PCDForum Column #3,   Release Date November 5, 1990

by David C. Korten

The first ten years of my career in development were
devoted to preparing managers for the businesses that
would mobilize underutilized resources, turn them into
the products that people need, and bring the world
universal prosperity. Trained at the Stanford Business
School, a professor at the Harvard Business School, and
involved in the establishment of business schools in
Ethiopia and Central America, I was deeply committed
to the then unexamined assumption that economic
growth is the key to human progress.

Ironically, the longer I live in the Third World and
the more deeply I become involved in the issues of
poverty, the more I confront the disturbing possibility
that our obsessive preoccupation with growth may in fact
be the key to explaining not only the deepening poverty
of so many of the world’s people, but also the growing
crisis of environmental destruction and communal
violence. I also become increasingly skeptical of the
arguments of the leading advocates of growth–including
the World Bank, the International Monetary Fund, many
of the world’s most influential political leaders, and even
the Brundtland Commission. They tell us, for example,

  • Poverty is the root cause of environmental destruction because it reduces people’s capacity to use
    resources in a sustainable manner.
  • The only way to reduce poverty is through overall
    increases in economic output because redistribution
    of existing incomes is politically infeasible.
  • Accelerating growth in the rich countries stimulates
    the demand for the exports of poor countries and
    thus is the best way to accelerate their growth.

The issues are complex and the messages often contradictory, but the underlying argument appears to be that
we best serve the poor and the environment by enriching
the rich. Thus stated, the argument becomes so blatantly
self-serving and contrary to reality that I keep asking
myself whether I have misheard or misunderstood. Is it
possible that a poor person consumes more resources and
generates more waste than a rich person? That there are
ample environmentally stable resources to satisfy the
wants of everyone without limit and that people of
wealth have the inherent wisdom to use these resources
responsibly? That, as our economies grow, we place less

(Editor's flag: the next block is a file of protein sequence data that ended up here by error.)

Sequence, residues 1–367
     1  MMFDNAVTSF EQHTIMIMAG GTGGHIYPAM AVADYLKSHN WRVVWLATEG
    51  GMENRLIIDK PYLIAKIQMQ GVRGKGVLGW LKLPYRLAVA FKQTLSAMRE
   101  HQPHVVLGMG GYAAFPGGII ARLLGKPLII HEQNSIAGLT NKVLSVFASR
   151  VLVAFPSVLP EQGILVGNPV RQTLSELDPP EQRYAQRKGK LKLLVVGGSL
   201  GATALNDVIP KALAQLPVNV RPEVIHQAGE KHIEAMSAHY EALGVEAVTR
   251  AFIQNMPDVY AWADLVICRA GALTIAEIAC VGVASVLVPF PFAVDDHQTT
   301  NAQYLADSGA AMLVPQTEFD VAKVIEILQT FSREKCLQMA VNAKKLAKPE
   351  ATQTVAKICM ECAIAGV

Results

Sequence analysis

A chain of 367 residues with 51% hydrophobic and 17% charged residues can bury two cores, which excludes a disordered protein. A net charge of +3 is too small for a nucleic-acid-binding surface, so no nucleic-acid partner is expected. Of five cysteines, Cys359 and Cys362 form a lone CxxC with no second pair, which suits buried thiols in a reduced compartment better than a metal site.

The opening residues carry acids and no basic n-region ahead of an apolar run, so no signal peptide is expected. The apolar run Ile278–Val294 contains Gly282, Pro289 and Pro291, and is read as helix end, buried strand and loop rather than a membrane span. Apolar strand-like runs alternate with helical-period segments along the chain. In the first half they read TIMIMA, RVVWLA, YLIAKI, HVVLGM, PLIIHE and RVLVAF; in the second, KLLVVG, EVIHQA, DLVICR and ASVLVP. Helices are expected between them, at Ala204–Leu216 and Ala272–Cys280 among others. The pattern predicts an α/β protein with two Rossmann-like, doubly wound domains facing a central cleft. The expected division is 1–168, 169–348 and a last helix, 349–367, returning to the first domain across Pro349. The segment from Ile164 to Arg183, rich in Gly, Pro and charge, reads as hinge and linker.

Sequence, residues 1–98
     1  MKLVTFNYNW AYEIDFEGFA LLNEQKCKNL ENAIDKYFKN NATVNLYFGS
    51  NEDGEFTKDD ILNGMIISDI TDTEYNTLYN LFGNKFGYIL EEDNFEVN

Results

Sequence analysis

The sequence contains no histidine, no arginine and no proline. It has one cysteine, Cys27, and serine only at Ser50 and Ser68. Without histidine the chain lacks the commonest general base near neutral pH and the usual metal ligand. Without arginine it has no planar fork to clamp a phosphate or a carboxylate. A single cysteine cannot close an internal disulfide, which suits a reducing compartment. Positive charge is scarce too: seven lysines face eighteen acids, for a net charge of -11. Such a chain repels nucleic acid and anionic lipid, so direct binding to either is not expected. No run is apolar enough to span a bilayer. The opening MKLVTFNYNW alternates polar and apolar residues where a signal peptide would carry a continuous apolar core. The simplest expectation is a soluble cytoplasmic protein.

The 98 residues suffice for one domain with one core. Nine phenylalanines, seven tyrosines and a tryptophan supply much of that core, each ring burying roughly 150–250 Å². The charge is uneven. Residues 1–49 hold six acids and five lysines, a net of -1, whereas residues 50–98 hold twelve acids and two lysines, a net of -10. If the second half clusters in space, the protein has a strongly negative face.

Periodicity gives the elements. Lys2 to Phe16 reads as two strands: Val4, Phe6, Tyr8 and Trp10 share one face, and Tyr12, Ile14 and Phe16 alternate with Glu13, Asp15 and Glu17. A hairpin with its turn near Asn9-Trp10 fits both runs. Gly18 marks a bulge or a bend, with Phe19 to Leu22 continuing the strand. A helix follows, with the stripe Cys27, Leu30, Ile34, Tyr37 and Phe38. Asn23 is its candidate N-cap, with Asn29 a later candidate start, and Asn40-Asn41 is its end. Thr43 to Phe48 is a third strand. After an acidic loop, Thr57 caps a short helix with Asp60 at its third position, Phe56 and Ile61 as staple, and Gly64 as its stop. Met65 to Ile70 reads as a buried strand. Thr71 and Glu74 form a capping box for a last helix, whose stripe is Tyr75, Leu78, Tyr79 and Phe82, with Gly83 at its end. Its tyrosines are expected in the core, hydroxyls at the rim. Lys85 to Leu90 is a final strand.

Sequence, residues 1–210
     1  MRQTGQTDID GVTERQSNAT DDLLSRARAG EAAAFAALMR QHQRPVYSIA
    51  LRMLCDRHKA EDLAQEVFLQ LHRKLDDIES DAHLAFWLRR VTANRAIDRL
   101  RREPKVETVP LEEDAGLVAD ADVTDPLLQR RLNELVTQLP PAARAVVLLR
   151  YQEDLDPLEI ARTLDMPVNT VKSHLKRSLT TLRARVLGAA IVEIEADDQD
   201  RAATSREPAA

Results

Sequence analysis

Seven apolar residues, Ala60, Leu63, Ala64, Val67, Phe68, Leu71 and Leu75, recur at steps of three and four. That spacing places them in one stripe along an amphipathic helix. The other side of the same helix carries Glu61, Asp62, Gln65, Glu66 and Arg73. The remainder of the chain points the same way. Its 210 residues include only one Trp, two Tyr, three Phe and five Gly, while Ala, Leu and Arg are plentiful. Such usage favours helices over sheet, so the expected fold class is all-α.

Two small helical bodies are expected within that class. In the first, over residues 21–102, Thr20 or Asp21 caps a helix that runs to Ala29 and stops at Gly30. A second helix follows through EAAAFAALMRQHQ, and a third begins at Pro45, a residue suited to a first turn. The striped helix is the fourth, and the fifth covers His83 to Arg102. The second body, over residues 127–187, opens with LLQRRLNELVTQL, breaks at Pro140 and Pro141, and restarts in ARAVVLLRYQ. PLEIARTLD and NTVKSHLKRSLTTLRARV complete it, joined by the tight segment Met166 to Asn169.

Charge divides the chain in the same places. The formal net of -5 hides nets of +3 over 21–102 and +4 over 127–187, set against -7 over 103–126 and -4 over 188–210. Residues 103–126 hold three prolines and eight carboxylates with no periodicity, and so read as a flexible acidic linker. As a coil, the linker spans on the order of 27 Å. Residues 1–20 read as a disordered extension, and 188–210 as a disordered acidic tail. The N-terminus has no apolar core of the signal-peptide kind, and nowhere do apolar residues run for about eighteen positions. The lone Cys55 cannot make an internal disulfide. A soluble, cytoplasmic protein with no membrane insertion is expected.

stress on the environment? Always I end up with the
same conclusion: it is the ever growing demand of the
wealthy for more and more resources that depletes our
environment and pushes the poor to ever greater social
and ecological desperation.

If true, we are left with a substantial dilemma. If we
continue to press for conventional economic growth in
both North and South, we deny the overwhelming evidence that we are overloading our ecosystem and risk a
high probability of accelerating eco-system failure and
eventual collapse. If we stabilize our use of earth’s environmental resources and moderate growth accordingly but
attempt to maintain the current allocation of those resources, we deprive the
under-consumers of any hope for
social and economic justice. This will destroy the legitimacy of our social institutions, and spark an escalation of
random violence that no amount of investment in military
hardware and law enforcement could suppress.

Growing numbers of concerned citizens around the
world are realizing that neither option will produce
acceptable consequences. They conclude that we have
little choice but to promote a global transformation of
human values and institutions that dramatically reduces
the demands the over-consumers place on the environment
and gives the poor (the under-consumers) precedence in
the use of the resulting resource dividend to achieve a
decent human existence.

Since our most powerful leaders and institutions seem
irrevocably committed to the business of growth as usual,
change depends on the voluntary action of millions of
informed citizens concerned for the future of their children
and the global community. To so act, however, they must
be engaged in a debate that examines fundamental assumptions to which we have been conditioned throughout
our lives. A number of voluntary agencies are already
active in engaging this debate, drawing from their own
experience to challenge the prevailing wisdom. Hopefully
many others will add their voices as they recognize the
significance of the issues at stake.


David C. Korten is founder and president of the People-Centered Development Forum, and the author of Getting to
the 21st Century: Voluntary Action and the Global Agenda
(West Hartford, CT: Kumarian Press, 1990). This
column is contributed by the People-Centered Development

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